Fiji Airways leases Boeing 737-800 as Pay MAX 8s

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A file picture of rsquo & Fiji Airways 737 MAX 8 on strategy to Adelaide. (Ryan Hothersall)

Fiji Airways gets that a Boeing 737-800 aircraft lease as cover the grounding of its 737 MAX 8 fleet.

The aircraft has been configured using 166 chairs inside a single-class configuration. In contrast, rsquo Fiji Airways &; 737 MAX 8s have 162 economy class seats and eight business class for a total of 170.

Fiji Airways said it decided to rent the aircraft to limit any disruption to passengers throughout the approaching summit period.

“ While the airline recognises the onboard experience and amenities will differ from its normal offering, it’ll do whatever possible to make sure that guests continue to enjoy a comfortable adventure, ” the airline stated.

“ Fiji Airways will get Business Class guests booked flights which are now operated from the leased aircraft to offer travel options. ”

Miami Air will operate the aircraft using its pilots and cabin crew along with senior flight attendant or a Fiji Airways purser.

Fiji Airways acquired its initial 737 MAX 8 December 3 2018 , using a second delivered in ancient 2019.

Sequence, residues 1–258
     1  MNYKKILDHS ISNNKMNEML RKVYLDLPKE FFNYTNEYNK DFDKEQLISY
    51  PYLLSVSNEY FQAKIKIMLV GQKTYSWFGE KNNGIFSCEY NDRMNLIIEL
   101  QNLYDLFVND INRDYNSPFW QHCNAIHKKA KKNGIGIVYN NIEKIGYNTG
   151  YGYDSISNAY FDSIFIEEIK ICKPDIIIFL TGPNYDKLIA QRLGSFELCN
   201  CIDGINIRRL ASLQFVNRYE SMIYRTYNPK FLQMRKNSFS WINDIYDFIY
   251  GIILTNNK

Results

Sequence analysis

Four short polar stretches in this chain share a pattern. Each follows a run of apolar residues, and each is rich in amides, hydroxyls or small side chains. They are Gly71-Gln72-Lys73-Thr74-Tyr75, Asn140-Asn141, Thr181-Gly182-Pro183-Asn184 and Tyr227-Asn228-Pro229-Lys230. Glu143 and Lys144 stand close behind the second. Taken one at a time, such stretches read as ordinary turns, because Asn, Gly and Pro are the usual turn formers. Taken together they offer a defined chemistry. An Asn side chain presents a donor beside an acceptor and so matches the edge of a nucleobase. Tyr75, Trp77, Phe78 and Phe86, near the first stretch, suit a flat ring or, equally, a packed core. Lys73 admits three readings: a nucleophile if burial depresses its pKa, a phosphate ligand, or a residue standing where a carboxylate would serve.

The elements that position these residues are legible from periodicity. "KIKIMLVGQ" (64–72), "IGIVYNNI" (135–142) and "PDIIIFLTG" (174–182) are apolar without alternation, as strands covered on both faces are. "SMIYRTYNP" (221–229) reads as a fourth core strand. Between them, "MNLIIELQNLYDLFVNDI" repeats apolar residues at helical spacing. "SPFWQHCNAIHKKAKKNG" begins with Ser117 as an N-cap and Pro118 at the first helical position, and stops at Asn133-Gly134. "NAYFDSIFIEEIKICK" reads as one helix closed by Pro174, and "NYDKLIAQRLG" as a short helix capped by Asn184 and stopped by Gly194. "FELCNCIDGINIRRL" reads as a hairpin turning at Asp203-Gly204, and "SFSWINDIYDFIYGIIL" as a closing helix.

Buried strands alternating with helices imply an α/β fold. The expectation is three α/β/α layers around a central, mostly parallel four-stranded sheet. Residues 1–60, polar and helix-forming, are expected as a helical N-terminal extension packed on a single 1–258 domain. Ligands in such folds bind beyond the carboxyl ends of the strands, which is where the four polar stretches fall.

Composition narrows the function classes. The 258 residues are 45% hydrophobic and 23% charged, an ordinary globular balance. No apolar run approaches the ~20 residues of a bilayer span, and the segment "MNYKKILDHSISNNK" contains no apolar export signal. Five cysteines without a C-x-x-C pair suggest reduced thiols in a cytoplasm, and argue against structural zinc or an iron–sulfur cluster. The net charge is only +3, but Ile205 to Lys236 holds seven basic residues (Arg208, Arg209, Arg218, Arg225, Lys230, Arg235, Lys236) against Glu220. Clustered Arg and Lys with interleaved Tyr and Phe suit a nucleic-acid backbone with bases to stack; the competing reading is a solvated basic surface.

The Nadi-headquartered carrier has ordered five 737 MAX 8s, together with aircraft expected to be delivered from the center of 2019.

On the other hand, the schedule could be subject to change awarded the international dialing in reaction to 2 fatal injuries motivated Boeing to slow production and pause deliveries while it ideal for a software upgrade for the aircraft’ s anti-stall system.

The 737 MAX 8s were slated to substitute Fiji Airways’ existing narrowbody fleet of four 737-800s and one 737-700 that are used in short- and medium-haul paths to Australia, New Zealand, Hawaii, Kiribati, Samoa, Solomon Islands, Tonga and Vanuatu.

Fiji Airways also has a fleet of six Airbus A330, of which five would be the smaller A330-200 and the other was the bigger A330-300.

A Boeing 737-800 in Miami Air livery. (Wikimedia Commons/SkyHigh757)

A Boeing 737-800 in Miami Air. (Wikimedia Commons/SkyHigh757)

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